Nearly 100 community members tuned into a virtual town hall Saturday night to discuss issues surrounding policing in Columbia and propose potential solutions.
“Part of the discussion will focus on how this community moves forward,” co-organizer Rebecca Shaw of CoMo for Progress said. “(This is) following years of advocates asking the city and police for specific changes to their policies to better inform an anti-racist philosophy around community policing and, now, nightly protests of new voices asking for many of the same changes.”
The event was hosted by Race Matters, Friends; Worley Street Roundtable; CoMo For Progress; Columbia Supreme; Faith Voices of Columbia; the WE Project; and the People’s Defense. Worley Street Roundtable board member Brittany Fatoma was the moderator of the town hall.
It was a chance for Columbians to “have an authentic conversation about rethinking and redesigning policing, where the community is in charge of the conversation instead of the politicians,” Race Matters, Friends, President Traci Wilson-Kleekamp said, according to previous Missourian reporting.
Columbia Police Chief Geoff Jones and Interim MU Police Chief Brian Weimer attended the town hall and answered questions.
Boone County Sheriff Dwayne Carey was invited but did not attend.
“We’re also talking to the MU Police Department to discuss their plans for addressing the possibility of increased tensions on campus, both within the context of the Black Lives Matter movement and COVID-19,” Shaw said.
At the beginning of the town hall, community members discussed the high rate at which Black drivers are pulled over in Columbia.
In 2019, Black drivers were stopped 4.3 times more frequently than white drivers in both Columbia and Boone County, according to Missouri Attorney General’s 2019 Vehicle Stops Executive Summary.
While only 11% of Columbia’s population was Black, 35% of all drivers pulled over by Columbia police in 2019 were Black, according to previous Missourian reporting. Black drivers were 1.7 times more likely to be searched and 1.3 times more likely to be arrested than white drivers.
Based on the high racial disparity in vehicle stops in Columbia, Jones said the records management system the Columbia Police Department uses is inadequate.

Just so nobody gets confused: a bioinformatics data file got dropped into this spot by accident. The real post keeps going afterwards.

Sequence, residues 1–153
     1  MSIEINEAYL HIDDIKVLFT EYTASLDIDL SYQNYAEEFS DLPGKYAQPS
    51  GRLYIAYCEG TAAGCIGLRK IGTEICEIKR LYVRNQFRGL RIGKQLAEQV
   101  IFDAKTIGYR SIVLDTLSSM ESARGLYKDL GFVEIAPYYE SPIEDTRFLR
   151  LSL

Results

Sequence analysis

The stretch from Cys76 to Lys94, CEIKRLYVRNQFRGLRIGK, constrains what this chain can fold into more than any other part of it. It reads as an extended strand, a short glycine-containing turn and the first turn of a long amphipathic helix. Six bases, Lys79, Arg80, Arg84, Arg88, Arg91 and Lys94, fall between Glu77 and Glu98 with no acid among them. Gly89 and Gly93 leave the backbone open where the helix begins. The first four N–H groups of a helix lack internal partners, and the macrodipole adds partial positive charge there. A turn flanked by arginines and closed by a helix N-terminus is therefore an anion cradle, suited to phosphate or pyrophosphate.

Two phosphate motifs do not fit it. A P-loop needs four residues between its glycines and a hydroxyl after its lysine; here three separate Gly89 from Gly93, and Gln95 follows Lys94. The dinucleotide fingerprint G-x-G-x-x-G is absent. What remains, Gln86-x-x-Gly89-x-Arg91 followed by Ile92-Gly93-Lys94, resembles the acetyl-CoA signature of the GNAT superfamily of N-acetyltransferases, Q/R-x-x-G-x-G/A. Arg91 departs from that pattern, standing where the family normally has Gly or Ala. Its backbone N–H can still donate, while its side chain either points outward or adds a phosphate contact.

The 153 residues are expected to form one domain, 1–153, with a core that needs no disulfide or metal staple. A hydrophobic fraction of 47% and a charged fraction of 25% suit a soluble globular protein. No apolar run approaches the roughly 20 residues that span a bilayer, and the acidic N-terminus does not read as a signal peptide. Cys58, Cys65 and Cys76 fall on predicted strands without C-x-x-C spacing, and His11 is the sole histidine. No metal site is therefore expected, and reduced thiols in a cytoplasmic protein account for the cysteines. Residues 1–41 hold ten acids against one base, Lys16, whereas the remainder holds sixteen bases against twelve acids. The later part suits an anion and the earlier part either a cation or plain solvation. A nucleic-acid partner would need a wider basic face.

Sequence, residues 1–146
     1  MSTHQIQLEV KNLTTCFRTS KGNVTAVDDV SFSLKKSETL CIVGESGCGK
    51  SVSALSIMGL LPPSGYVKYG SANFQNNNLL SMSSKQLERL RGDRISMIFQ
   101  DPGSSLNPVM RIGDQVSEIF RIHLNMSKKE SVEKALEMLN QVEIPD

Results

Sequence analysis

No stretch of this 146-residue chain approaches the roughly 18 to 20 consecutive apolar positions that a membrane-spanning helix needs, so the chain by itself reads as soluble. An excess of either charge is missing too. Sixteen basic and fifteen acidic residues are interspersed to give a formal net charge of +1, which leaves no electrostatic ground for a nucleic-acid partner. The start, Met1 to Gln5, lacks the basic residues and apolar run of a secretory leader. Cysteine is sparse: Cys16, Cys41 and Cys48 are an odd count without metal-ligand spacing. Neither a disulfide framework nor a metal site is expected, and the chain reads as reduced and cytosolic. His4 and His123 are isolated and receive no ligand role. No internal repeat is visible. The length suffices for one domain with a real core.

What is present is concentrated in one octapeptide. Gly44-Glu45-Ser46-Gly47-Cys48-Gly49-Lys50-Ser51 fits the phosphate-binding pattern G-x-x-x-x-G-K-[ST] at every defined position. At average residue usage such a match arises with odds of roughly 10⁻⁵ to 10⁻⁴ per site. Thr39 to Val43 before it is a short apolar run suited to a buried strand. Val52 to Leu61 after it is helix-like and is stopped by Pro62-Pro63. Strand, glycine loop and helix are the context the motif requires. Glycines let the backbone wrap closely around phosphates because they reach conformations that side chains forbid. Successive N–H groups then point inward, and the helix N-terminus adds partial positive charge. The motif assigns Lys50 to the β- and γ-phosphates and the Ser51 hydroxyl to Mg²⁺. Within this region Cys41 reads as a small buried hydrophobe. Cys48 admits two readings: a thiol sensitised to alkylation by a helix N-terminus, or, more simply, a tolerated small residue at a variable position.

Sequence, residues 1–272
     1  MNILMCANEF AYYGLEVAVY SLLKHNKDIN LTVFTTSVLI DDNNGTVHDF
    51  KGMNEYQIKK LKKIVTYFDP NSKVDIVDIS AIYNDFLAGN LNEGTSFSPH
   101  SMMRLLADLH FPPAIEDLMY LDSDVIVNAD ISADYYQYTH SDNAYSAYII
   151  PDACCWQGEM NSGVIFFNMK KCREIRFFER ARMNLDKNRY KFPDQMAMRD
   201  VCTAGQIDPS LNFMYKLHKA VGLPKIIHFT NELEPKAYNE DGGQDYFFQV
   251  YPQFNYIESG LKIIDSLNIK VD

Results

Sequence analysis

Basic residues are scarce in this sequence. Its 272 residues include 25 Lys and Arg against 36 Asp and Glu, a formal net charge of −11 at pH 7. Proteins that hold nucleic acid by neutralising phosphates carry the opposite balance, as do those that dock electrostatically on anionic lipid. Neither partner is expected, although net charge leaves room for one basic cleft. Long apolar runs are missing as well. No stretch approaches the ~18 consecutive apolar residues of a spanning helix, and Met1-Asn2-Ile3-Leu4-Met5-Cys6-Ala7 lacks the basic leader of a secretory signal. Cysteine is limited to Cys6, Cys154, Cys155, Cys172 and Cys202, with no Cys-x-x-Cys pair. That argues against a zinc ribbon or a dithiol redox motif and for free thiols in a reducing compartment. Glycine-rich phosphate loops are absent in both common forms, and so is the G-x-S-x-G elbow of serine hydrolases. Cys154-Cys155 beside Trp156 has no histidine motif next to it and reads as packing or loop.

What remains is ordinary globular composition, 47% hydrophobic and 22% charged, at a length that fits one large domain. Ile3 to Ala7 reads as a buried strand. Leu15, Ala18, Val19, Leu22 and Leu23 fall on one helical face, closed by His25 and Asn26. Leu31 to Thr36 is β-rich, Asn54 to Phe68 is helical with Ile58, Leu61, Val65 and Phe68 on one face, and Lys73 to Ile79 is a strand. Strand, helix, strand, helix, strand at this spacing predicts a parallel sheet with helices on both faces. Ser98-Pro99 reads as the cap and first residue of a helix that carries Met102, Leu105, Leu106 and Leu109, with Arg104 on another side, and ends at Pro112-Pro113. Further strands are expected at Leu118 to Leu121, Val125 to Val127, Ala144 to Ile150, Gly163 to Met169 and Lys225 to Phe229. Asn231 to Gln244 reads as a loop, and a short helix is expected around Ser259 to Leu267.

“We are collecting some data, but we’re not even, at this point, able to collect what the attorney general is asking us to collect because our vendor has not set up our records management system to do that,” Jones said. “We’ve actually had to ask for an extension from the attorney general.”
Jones also said the department has requested a study from MU that examines the decision-making process of why police officers stop some vehicles over others.
The results will help both of the Vehicle Stop Committee and department train officers, he said.
“It’s a work in progress. It’s not moving as fast as I hoped,” Jones said, “but I also don’t want to move so fast that I’m missing something.”
Weimer also said MU police’s system has been challenging.
“We had to create some different things to make sure that we’re able to track what was going on,” he said.
Another key question was if the Columbia police and MU police have developed anti-racist curriculum specific to the department’s culture and demographics.
The answer was no.
“We currently do not have an anti-racist training,” said Lt. Michael Hestir, who is in charge of training at the Columbia department. “I’m not saying we won’t.”
Hestir said the department’s training focuses on “anti-bias.”
The Fourth Ward Columbia City Council Member Ian Thomas also joined the town hall discussion.
He wrote in the chat box, “As a member of the City Council, I support the development and implementation of an anti-racism training program for Columbia Police Department employees.”
City Manager John Glascock expressed his willingness to reestablish the Police Department’s Community Outreach Unit in a presentation of his proposed budget for the fiscal year that begins Oct. 1, according to previous Missourian reporting.
Glascock also said he wanted to let uniformed police officers take the responsibility for parking enforcement instead of meter attendants to promote community policing downtown.